District asks community to invest in aging facilities

School superintendent Wayne Kazmierczak presented “Referendum 2019 Ballot” at the Aug. 28 White Bear Rotary Club meeting.

WHITE BEAR LAKE — The average age of school buildings in the district is 50 years.

The district’s proposed $326 million bond referendum, which will be on the ballot this fall, will provide updates at all district schools, a new elementary school in Hugo and a renovated, one-campus high school.

Taking care of district building upgrades is the responsibility of the community, according to Assistant Superintendent of Finance and Operations Tim Wald. The state provides funding for teaching and learning, but building quality is the decision of the community.

“All school facilities are entirely the responsibility of the community, so if we are going to build a new school, that becomes our community’s responsibility,” Wald told a group gathered at last week’s White Bear Rotary Club meeting. The district has systems in some schools that are 50 to 70 years old. It hasn’t built a new or renovated secondary school since 1974.

“At some point you have to ask the taxpayers, are we ready to invest in our facilities?” he noted.

The bond referendum was also put forth due to growing enrollment. The district projects that more than 2,000 new students will move into the district during the next 10 years due to housing growth. The growth will be 25% higher than current capacity. New homes in the northern part of the district and turnover of homes in the southern part of the district will both contribute to the growth.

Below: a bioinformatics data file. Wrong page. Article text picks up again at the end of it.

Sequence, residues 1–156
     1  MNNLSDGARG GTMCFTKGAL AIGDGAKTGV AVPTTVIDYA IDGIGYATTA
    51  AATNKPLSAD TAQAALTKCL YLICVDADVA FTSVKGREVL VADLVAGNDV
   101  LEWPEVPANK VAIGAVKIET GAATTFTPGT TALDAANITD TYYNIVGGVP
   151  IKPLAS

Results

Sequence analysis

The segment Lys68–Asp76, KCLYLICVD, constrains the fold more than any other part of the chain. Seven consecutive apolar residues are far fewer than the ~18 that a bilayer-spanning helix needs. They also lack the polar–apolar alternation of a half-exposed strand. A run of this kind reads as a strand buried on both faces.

“The students are coming, and we have to be ready for them,” Wald noted.

Districtwide safety and security improvements are also part of the plans. The district has secure entries at each school but wants to make additional improvements since students elevated their voices for school safety after the 2018 Florida school shooting. “We need to double down on school safety and security,” Wald said.

Flexible learning spaces are also part of the plans. There would be new furniture in most of the classrooms. The plans were put forth by a 90-member facilities committee that met this winter.

Superintendent Wayne Kazmierczak told the Rotarians that it is a complex plan, but it addresses the district’s needs. “It would take care of our needs for many, many years to come,” he explained.

According to the bond referendum plans, North Campus would be expanded to house all high school grades. Sunrise Park Middle School would be moved to South Campus. Sunrise would become an early childhood center, transition center and senior center, and would house district offices. The vacated District Center, where the district offices are currently, would be an expansion for Central Middle School.

There would be a new elementary school in Hugo near the post office. Oneka Elementary would be converted from a grade 2-5 school into a K-5 school. Hugo Elementary would be converted from K-1 to an early childhood center. Kindergarten through fifth grade enrollment at Hugo and Oneka elementary schools could nearly double within a decade, according to a recent enrollment projection study.

A question asked at the meeting was why North Campus was chosen as the site for a one-campus high school rather than South Campus, because the southern location appears to have more open land.

The North Campus site is actually larger, Kazmierczak said, and it is centrally located so that students who live further north wouldn’t have to drive half an hour to school. About 60 percent of students currently live south of North Campus and 40 percent live north, Wald added. The district expects that to become half and half soon. Homes are turning over in the south, but growth is occurring in the north, Kazmierczak noted.

Another attendee at the meeting asked what would happen if the bond didn’t pass this year, would the district come back with a smaller amount? Yes, the district would regroup and ask again, Kazmierczak said. Also questioned was why the bond referendum was put on the ballot in an off year, when not many political positions will be on the ballot. Kazmierczak responded: “An off year is not necessarily a bad time to be doing a school election. People tend to pay a little bit more attention to local issues in off years.”

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